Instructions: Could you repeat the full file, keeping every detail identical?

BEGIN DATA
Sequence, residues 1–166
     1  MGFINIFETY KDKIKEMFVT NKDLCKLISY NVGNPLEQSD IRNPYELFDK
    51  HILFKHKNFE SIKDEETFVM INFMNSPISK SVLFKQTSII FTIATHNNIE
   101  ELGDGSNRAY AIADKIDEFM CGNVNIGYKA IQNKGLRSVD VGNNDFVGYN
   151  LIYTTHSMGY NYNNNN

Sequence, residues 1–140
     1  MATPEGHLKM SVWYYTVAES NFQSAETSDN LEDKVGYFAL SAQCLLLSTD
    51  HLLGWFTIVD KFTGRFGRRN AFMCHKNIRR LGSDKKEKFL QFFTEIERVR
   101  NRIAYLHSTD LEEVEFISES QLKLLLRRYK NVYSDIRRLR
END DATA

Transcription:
Sequence, residues 1–166
     1  MGFINIFETY KDKIKEMFVT NKDLCKLISY NVGNPLEQSD IRNPYELFDK
    51  HILFKHKNFE SIKDEETFVM INFMNSPISK SVLFKQTSII FTIATHNNIE
   101  ELGDGSNRAY AIADKIDEFM CGNVNIGYKA IQNKGLRSVD VGNNDFVGYN
   151  LIYTTHSMGY NYNNNN

Sequence, residues 1–140
     1  MATPEGHLKM SVWYYTVAES NFQSAETSDN LEDKVGYFAL SAQCLLLSTD
    51  HLLGWFTIVD KFTGRFGRRN AFMCHKNIRR LGSDKKEKFL QFFTEIERVR
   101  NRIAYLHSTD LEEVEFISES QLKLLLRRYK NVYSDIRRLR